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Why Thumb Sucking is No Friend to Speech Development

 

Parents always want what is best for their children: to be healthy, happy, and well... children!  Thumb sucking is a natural behavior that can help a child soothe himself.  That’s right, thumb sucking is a normal behavior; however, there is an age at which parents should seek alternatives and help their child break the habit.  Continue reading for descriptions of thumb sucking: what is it, why it can be bad, and how to help your child break an exhausted habit.

 

            What is thumb sucking? It goes without saying that thumb sucking occurs when a child, well, sucks her thumb.  This behavior is natural and can help soothe a baby, often before she is born.  After birth, this behavior continues as a natural part of the child’s development.  It helps infants explore their environment as well as provide a source of comfort.  This behavior often stops on its own, usually before the child begins preschool.

            What could happen if my child continues to suck his or her thumb? According to Dr. Thomas Willingham, DMD, in Trussville, Alabama, if thumb sucking is a continued habit past the age of 3-4 years old, a child could develop an “open bite" (see Fig. 1), meaning that the top front teeth do not meet with the bottom front teeth when the mouth is closed. This situation, as well as any required treatment, could be monitored by your child's dentist. 

 

Additionally, your child may need to see a speech therapist for training on placement for certain speech sounds, such as S and Z.  While producing these sounds, the tongue stays behind the "closed wall" of the top and bottom teeth, as seen in Figure 2.  If the child has an open bite, the tongue will have a less defined place to rest during these sounds and could create a “slushy” quality to the sound.  The child’s mouth might look something like Figure 3 when producing his S or Z sound.

 

If you feel that your child has trouble making the S or Z sound, or any other sound, it may be time to seek the help of a speech therapist for an evaluation.  Following the evaluation, the speech therapist may recommend starting therapy and will provide you with the information you need to help correct any errors they hear within your child’s speech.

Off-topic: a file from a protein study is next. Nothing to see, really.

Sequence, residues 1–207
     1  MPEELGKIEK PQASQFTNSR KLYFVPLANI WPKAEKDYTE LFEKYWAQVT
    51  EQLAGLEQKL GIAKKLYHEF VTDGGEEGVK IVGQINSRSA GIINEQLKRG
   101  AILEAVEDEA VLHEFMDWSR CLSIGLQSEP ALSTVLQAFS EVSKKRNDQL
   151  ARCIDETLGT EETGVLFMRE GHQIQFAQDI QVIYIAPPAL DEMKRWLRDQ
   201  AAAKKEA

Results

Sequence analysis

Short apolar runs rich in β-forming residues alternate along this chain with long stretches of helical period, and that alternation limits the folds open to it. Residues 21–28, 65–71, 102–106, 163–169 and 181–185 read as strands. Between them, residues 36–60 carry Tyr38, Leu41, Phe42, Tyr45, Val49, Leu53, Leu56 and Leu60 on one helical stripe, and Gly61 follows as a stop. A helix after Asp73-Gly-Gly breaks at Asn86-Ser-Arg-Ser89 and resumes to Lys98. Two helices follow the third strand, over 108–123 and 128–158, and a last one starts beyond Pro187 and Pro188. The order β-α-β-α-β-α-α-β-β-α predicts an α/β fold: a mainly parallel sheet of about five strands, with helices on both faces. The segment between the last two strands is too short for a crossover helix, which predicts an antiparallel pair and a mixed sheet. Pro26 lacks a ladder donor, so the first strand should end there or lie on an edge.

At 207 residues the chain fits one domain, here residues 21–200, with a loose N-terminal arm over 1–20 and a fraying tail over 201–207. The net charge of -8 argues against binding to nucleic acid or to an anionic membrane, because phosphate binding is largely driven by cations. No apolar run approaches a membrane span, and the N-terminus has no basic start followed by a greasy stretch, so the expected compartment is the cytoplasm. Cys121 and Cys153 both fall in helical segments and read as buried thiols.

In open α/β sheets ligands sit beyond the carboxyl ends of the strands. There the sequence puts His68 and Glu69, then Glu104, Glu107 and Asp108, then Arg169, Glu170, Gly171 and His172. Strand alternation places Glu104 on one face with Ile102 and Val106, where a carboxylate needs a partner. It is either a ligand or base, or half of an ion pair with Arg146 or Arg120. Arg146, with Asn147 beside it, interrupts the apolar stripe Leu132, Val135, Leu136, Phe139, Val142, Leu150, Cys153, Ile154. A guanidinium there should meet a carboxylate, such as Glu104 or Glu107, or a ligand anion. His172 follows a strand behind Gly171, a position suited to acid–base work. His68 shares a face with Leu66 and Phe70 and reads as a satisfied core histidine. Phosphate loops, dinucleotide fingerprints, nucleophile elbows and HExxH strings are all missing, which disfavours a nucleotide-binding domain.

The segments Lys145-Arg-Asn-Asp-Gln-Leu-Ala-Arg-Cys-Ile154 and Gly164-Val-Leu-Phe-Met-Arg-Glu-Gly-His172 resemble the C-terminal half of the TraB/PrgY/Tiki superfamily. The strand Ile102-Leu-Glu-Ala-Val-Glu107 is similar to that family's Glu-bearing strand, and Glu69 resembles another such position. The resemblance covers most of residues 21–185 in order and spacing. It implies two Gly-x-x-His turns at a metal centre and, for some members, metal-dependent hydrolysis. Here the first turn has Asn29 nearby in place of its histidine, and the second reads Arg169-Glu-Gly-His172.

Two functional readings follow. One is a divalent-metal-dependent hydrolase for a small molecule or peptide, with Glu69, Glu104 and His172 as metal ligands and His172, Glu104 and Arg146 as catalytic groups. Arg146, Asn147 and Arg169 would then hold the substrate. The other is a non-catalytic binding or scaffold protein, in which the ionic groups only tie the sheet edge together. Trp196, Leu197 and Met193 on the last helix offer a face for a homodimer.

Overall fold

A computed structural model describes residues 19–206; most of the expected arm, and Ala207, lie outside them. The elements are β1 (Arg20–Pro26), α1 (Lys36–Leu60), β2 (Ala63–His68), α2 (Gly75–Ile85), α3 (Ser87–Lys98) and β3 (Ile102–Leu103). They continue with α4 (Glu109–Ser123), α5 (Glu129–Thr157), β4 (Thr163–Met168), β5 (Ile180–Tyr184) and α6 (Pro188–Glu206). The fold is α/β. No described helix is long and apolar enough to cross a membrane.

According to the Mouth Healthy website, young children often suck their thumbs when they feel anxious. It may be beneficial to determine if your child might be feeling anxiety then determine what might be causing the anxiety in your child.  Doing so may help decrease the use of sucking as a comfort.  It may help your child to introduce another activity to replace the thumb sucking, such as hugging a favorite toy or listening to a song.  If you cannot figure out what might be causing your child’s anxiety, it may be time to seek the help of your pediatrician to try to identify the cause.

 

My child is still younger than 4 years old. What can I do to keep this from causing these issues? If your child is still within the typical age of thumb sucking, never fear. Children often can break the habit on their own. All you need to do is ignore the behavior. If at 4 or 5 years old, your child is still sucking his or her thumb, use positive reinforcements such as praise for not sucking his or her thumb. It may also help your child to use a sticker chart, if that is rewarding to your child.  Praise and other positive reinforcements are often more effective than negative ones, such as adding bitterant on the child’s thumbs. If the positive reinforcement you’re using isn’t working, try different techniques to see which one work best for your child. 

 

As always, if you have any concerns regarding the health and development of your child, speak to your child’s pediatrician for counseling and advice. 

 

References

https://www.mouthhealthy.org/en/az-topics/t/thumbsucking

https://www.psychologytoday.com/us/blog/resolution-not-conflict/201201/lessons-thumbsucking-the-earliest-addiction

https://www.childrensdent.com/fun-stuff/our-blog/why-is-thumb-sucking-harmful

https://www.colgate.com/en-us/oral-health/life-stages/childrens-oral-care/thumb-sucking-the-good-the-bad-and-the-normal-0514

https://www.stanfordchildrens.org/en/topic/default?id=thumb-sucking-90-P01875

https://www.asha.org/PRPSpecificTopic.aspx?folderid=8589943975§ion=Overview

https://pubs.asha.org/doi/10.1044/jshd.3102.176

https://www.speechpathology.com/ask-the-experts/correlation-between-family-size-and-888

http://www.trussvillepediatricdentistry.com/treatment/thumb-sucking-and-your-child-s-teeth

 


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